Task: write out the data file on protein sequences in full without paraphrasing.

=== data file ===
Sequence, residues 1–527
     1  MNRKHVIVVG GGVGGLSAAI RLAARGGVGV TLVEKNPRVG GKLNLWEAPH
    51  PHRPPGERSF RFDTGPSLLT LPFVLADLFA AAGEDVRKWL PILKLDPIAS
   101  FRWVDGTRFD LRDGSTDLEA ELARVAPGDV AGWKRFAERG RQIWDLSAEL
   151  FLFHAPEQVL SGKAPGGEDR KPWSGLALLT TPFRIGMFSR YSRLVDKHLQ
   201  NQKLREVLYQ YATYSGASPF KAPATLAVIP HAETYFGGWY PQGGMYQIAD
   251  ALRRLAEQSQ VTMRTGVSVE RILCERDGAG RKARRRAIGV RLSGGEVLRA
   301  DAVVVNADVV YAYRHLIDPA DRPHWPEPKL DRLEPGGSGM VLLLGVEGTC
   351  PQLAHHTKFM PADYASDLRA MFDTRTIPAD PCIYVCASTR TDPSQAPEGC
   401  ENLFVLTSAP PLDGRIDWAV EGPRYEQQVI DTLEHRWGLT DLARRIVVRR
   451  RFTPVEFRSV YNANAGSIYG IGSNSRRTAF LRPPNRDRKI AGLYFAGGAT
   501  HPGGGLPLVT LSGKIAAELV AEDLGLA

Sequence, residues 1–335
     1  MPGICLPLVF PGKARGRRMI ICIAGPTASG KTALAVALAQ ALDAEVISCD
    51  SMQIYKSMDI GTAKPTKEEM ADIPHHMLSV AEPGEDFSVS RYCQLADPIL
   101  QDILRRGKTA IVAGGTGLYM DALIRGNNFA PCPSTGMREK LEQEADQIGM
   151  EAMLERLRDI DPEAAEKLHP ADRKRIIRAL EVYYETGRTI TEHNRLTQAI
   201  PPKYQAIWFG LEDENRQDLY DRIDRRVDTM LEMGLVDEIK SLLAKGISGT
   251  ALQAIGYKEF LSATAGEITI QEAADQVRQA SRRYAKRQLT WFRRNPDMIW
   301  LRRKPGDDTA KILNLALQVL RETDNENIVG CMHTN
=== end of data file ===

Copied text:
Sequence, residues 1–527
     1  MNRKHVIVVG GGVGGLSAAI RLAARGGVGV TLVEKNPRVG GKLNLWEAPH
    51  PHRPPGERSF RFDTGPSLLT LPFVLADLFA AAGEDVRKWL PILKLDPIAS
   101  FRWVDGTRFD LRDGSTDLEA ELARVAPGDV AGWKRFAERG RQIWDLSAEL
   151  FLFHAPEQVL SGKAPGGEDR KPWSGLALLT TPFRIGMFSR YSRLVDKHLQ
   201  NQKLREVLYQ YATYSGASPF KAPATLAVIP HAETYFGGWY PQGGMYQIAD
   251  ALRRLAEQSQ VTMRTGVSVE RILCERDGAG RKARRRAIGV RLSGGEVLRA
   301  DAVVVNADVV YAYRHLIDPA DRPHWPEPKL DRLEPGGSGM VLLLGVEGTC
   351  PQLAHHTKFM PADYASDLRA MFDTRTIPAD PCIYVCASTR TDPSQAPEGC
   401  ENLFVLTSAP PLDGRIDWAV EGPRYEQQVI DTLEHRWGLT DLARRIVVRR
   451  RFTPVEFRSV YNANAGSIYG IGSNSRRTAF LRPPNRDRKI AGLYFAGGAT
   501  HPGGGLPLVT LSGKIAAELV AEDLGLA

Sequence, residues 1–335
     1  MPGICLPLVF PGKARGRRMI ICIAGPTASG KTALAVALAQ ALDAEVISCD
    51  SMQIYKSMDI GTAKPTKEEM ADIPHHMLSV AEPGEDFSVS RYCQLADPIL
   101  QDILRRGKTA IVAGGTGLYM DALIRGNNFA PCPSTGMREK LEQEADQIGM
   151  EAMLERLRDI DPEAAEKLHP ADRKRIIRAL EVYYETGRTI TEHNRLTQAI
   201  PPKYQAIWFG LEDENRQDLY DRIDRRVDTM LEMGLVDEIK SLLAKGISGT
   251  ALQAIGYKEF LSATAGEITI QEAADQVRQA SRRYAKRQLT WFRRNPDMIW
   301  LRRKPGDDTA KILNLALQVL RETDNENIVG CMHTN